124 Students Prepare for Careers in Primary Care and as Physician-Scientists
77 percent of incoming students at Stony Brook University School of Medicine are NY State residents
STONY BROOK, NY, August 22, 2013 - The Stony Brook University School of Medicine Class of 2017 officially launched their medical training when all 124 incoming students received a physician-in-training white coat and took the Hippocratic Oath for the first time at the School’s annual White Coat Ceremony on Aug. 18.
With 77 percent of students from New York State, the Class of 2017 at Stony Brook will help address a critical doctor shortage in the state, including a shortage of primary care physicians. According to a 2012 Healthcare Association of New York State (HANYS) Physician Advocacy Survey, the state needs more than 1,200 new physicians.
“Donning the white coat marks the beginning of a career that is an honor and privilege, requires both hard work and taking on huge responsibilities, but yields immense personal gratification and growth,” said Kenneth Kaushansky, MD, MACP, Senior Vice President for the Health Sciences, and Dean, School of Medicine. “Soon you will experience many ‘firsts': your first patient history, your first diagnosis of cancer, your first treatment plan, your first birth, and many others. All will shape your career as an outstanding and caring physician.”
Dr. Kaushansky and School of Medicine faculty characterized the Class as smart and equipped to take on the rigors of medical school in preparation to enter a profession where discoveries in medicine and opportunities in biomedical research are ever expanding. When classes begin on Aug. 26, the students will be on course to careers that fit the needs of 21st Century medicine – such as primary care providers and physician-scientists working on bench-to-bedside treatments.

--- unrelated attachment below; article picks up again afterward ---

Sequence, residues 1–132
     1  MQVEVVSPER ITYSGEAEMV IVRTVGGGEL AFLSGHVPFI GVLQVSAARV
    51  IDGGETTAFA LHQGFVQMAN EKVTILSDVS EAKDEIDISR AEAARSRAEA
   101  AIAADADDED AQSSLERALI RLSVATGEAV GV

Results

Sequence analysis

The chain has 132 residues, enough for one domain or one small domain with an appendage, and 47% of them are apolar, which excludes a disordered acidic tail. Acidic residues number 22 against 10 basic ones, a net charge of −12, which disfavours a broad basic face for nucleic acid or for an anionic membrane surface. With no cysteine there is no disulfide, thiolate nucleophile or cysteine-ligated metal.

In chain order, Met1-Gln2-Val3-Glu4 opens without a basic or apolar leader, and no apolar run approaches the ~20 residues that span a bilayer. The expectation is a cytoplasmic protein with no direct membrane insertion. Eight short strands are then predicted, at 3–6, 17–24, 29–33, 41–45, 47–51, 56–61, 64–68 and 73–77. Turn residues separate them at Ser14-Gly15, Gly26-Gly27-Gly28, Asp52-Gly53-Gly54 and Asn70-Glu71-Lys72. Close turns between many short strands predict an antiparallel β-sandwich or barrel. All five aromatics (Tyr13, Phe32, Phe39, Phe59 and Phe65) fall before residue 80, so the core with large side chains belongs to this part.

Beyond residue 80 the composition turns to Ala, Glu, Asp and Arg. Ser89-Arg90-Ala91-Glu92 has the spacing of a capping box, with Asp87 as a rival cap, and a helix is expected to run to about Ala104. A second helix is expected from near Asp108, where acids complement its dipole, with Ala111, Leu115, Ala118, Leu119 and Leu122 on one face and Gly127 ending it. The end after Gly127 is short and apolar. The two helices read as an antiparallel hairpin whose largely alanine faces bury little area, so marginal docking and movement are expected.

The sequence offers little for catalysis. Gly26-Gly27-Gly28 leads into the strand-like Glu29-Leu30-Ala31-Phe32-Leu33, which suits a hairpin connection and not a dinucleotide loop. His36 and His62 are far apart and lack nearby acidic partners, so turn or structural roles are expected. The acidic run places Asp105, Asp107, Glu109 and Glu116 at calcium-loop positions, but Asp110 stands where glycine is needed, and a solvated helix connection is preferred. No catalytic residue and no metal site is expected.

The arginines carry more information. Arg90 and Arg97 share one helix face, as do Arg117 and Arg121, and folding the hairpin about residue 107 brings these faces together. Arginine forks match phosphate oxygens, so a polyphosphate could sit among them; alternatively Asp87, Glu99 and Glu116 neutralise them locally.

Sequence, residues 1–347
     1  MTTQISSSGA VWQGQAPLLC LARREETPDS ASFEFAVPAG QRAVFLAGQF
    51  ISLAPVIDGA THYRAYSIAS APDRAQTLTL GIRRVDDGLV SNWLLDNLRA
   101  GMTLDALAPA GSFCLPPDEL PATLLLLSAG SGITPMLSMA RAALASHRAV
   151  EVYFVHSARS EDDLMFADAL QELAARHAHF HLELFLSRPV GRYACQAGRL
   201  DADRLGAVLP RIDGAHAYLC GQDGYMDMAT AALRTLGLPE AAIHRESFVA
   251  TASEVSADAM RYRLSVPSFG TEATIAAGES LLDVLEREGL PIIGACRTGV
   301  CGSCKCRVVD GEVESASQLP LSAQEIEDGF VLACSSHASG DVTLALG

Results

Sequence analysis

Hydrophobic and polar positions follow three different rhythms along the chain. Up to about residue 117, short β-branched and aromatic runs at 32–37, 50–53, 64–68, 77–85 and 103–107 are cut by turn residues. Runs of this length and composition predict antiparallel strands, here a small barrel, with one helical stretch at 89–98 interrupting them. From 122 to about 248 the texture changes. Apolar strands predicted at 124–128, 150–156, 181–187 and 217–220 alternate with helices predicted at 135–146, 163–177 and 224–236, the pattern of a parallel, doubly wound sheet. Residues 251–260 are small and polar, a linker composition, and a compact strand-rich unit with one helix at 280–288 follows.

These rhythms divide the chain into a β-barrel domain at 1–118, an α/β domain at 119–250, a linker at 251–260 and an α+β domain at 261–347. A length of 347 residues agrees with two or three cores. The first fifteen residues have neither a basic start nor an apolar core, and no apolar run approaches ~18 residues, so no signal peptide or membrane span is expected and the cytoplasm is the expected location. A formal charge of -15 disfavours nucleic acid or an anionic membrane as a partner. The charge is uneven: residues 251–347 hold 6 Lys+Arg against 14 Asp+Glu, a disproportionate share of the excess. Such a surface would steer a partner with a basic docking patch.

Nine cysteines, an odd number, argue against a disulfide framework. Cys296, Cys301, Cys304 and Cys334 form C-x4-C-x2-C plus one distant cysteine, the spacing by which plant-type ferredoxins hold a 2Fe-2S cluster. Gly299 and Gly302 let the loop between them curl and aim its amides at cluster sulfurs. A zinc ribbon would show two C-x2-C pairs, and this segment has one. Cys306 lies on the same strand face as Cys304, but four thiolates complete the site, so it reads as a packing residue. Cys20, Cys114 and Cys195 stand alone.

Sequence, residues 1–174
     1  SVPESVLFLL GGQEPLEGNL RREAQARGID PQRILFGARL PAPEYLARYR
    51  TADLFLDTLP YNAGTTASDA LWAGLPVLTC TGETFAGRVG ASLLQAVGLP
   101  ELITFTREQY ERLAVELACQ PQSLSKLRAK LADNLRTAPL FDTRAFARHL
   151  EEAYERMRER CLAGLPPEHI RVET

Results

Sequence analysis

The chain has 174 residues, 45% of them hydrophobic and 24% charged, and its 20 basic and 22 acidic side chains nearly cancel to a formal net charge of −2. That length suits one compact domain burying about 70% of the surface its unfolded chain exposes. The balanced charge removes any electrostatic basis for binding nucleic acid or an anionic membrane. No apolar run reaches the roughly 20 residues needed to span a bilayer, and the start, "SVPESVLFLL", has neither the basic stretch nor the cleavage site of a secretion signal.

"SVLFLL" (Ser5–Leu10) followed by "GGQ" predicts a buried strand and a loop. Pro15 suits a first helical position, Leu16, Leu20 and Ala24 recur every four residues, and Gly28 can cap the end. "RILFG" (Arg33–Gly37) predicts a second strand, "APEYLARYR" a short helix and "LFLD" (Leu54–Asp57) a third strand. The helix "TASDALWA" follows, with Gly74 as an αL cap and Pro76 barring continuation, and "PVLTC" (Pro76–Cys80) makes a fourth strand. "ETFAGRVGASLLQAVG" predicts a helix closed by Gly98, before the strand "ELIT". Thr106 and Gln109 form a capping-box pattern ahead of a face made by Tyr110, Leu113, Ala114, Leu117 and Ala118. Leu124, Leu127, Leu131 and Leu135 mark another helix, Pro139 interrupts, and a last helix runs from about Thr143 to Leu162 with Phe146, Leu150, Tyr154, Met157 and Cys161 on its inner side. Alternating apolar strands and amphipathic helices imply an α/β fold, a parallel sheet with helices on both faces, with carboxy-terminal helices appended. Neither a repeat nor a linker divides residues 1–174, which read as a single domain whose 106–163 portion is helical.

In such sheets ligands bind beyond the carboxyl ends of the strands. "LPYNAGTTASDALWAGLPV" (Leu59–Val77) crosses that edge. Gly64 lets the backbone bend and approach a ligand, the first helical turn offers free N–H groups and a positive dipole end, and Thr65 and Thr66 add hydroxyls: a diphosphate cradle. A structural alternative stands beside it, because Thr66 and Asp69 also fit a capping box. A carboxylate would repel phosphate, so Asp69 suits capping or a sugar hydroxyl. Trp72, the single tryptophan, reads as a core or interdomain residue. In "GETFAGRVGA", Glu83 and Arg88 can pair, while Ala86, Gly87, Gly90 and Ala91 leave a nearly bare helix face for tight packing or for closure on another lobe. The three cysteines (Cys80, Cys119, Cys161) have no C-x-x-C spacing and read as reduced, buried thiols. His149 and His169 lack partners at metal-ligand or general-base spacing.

Incoming students Opeyemi Ajibade, of Brooklyn, NY, and Jeremiah Joyce, a Michigan native, hope to change the physician landscape in the region and seek to improve the healthcare of underserved populations, possibly as primary care physicians.
“Underserved communities like my own in Brooklyn are plagued by inadequate funding, poor facilities and the inability of local hospitals to meet the growing healthcare needs of its residents,” said Ajibade, who graduated from Stony Brook with a BS in Health Science in 2009 and an MS in Physiology & Biophysics 2012. “I desire to work in an underserved community to provide these patients, many of whom suffer from an array of health issues, the preventive care and treatments they need.”
Nearly one-third of the 2013 Stony Brook School of Medicine graduates entered primary care residency training programs, and Joyce hopes to follow in their path. “Right now I am most interested in primary care, specifically family medicine, and I have a strong curiosity about both rural and family medicine and infectious diseases work in the developing world,” he said.
The Association of American Medical Colleges (AAMC) estimates the national need for primary care practitioners will increase by 15,000 over the next five years. The need for more physicians and primary care specialists is growing as the U.S. population is aging, and nearly one-third of physicians are expected to retire within a decade, while an estimated 32 million people will enter the healthcare system in 2014 because of the Affordable Care Act.